Only two Pacific countries in Wellington Sevens
The Sevens World Series resumes this weekend with Pacific teams admitting the Wellington event is simply another step on the road to the Rio Olympics.Fiji and Samoa are the only Pacific nations competing in New Zealand this year, the lowest number in the tournament's 17-year history.
The Sevens World Series resumes this weekend with Pacific teams admitting the Wellington event is simply another step on the road to the Rio Olympics.
Fiji and Samoa are the only Pacific nations competing in New Zealand this year, the lowest number in the tournament's 17-year history.
Vinnie Wylie reports.
Fiji are the reigning World Series champions and lead the current campaign from South Africa on points differential after two rounds. Despite that, coach Ben Ryan says his squad remains undercooked fitness-wise. He says everything this season is about peaking for Rio, although they still want to play well along the way.
BEN RYAN: We want to win the tournament I and want to see improvements so if we don't win and I can see an improvement in the side I'll be reasonably happy but I mean we're in the business of winning - don't shy away from it. I don't want to be a coach that starts telling you that that's not what we're after - of course we are. We want to win tournaments and if we leave here Sunday night without the trophy we will all be disappointed.
Samoa have yet to qualify for the Olympics and produced a mixed bag in the opening two World Series tournaments - reaching the Cup quarter finals in Dubai before slumping to a 13th place finish in Cape Town. The Manu are missing four key players through injury this weekend but experienced campaigners Tom Iosefo and Tomasi Alosio will feature for the first time this season. Coach Damian McGrath says they want to put on a better showing for their supporters back home but admits just getting out of their group will be a challenge, with France, the United States and England all ranked above them.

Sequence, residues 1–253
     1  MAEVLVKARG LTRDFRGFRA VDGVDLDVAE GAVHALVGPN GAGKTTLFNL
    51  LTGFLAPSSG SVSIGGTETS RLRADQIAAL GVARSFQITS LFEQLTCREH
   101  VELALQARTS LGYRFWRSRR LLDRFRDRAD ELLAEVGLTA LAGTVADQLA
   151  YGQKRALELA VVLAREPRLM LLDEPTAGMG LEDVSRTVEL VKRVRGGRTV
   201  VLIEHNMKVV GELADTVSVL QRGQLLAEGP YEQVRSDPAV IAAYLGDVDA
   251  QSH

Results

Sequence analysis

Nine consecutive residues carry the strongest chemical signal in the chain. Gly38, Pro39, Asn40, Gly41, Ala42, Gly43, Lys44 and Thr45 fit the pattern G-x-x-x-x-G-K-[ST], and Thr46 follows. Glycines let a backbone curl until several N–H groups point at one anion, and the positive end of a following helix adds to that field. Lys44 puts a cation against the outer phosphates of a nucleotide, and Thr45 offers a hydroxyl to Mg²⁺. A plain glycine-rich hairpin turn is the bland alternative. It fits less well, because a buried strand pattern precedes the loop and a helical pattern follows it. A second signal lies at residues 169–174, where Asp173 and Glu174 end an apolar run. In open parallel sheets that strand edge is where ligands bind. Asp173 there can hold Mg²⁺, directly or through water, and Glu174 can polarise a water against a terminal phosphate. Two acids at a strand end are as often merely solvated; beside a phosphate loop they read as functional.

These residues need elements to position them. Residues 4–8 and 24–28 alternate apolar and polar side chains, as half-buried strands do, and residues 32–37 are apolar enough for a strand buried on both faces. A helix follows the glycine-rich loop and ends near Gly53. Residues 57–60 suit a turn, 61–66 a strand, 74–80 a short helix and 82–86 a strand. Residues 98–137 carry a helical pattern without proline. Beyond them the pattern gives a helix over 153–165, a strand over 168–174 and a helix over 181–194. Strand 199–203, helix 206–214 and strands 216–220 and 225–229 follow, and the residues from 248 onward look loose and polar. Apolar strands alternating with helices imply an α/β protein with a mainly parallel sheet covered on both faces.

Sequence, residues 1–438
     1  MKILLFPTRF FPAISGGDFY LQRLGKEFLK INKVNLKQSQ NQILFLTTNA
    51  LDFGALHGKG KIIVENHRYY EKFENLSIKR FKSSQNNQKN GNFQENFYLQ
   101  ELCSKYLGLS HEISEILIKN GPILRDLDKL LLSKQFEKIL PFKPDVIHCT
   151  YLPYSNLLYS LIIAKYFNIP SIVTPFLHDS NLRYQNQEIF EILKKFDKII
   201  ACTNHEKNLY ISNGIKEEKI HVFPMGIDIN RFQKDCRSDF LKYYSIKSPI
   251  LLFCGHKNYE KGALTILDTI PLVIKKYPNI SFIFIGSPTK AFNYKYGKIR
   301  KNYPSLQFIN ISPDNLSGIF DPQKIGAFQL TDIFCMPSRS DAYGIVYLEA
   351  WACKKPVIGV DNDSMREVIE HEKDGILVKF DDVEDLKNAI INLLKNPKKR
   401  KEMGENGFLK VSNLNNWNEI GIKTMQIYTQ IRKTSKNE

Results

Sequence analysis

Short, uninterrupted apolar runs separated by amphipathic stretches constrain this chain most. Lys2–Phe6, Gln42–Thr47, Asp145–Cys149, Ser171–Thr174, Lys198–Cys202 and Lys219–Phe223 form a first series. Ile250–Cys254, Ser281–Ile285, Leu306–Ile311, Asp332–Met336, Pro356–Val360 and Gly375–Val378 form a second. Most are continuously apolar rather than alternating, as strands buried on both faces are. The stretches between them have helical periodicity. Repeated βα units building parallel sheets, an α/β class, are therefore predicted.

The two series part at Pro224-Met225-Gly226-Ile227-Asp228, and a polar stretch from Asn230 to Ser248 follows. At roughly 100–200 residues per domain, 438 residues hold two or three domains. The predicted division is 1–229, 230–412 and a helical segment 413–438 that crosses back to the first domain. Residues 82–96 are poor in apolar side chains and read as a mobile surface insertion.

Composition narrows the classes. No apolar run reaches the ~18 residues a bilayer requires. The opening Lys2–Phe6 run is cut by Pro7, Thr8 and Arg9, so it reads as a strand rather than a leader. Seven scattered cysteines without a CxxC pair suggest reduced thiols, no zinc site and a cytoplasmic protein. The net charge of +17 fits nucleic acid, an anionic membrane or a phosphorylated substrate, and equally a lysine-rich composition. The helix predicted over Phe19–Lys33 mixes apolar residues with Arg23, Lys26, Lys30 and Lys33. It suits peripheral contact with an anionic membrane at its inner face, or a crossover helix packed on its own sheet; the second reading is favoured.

DAMIAN MCGRATH: All three will be vying for top spot in our group - we seem to have been forgotten there - but it's a good litmus test for us to see where we are in terms of our journey. I'd willingly give up this year's series if I could guarantee a space at the Olympics and take the country there, that would be fantastic, but we don't think we will be too far away from any of those three teams and whilst we're not confident of saying we're going to win the tournament we really are confident of putting on good performances.
This year's Wellington Sevens will feature the lowest ever turnout of Pacific teams in the event's 17-year history. Five island nations competed in the inaugural event in 2000 while three teams have been involved at each of the past three tournaments. Tonga finished second at last year's Oceania Championship, and had expected be involved in the World Series events in Wellington and Sydney. But World Rugby changed the rules and gave the spot to Japan. Tonga coach Andy Katoa says it's frustrating, with his team desperate for game-time ahead of the final Olympic qualifier in Monaco in June, as well as the World Series core-team qualifier in April.
ANDY KATOA: I think that [decision] was made way ahead of time before we were in Oceania. I think the powers that be their minds were already made up. I thought the whole time that we were going to be at those events but they had meetings prior to that and I wasn't privy to the info - maybe I should have been privy to the info - but that decision was made way before [the Oceania Championship] even though we were still under that notion [that we would be going].
So without Tonga, it's left to Fiji and Samoa. Fiji face Japan first up on Saturday afternoon while Samoa open their campaign against the USA.
To embed this content on your own webpage, cut and paste the following: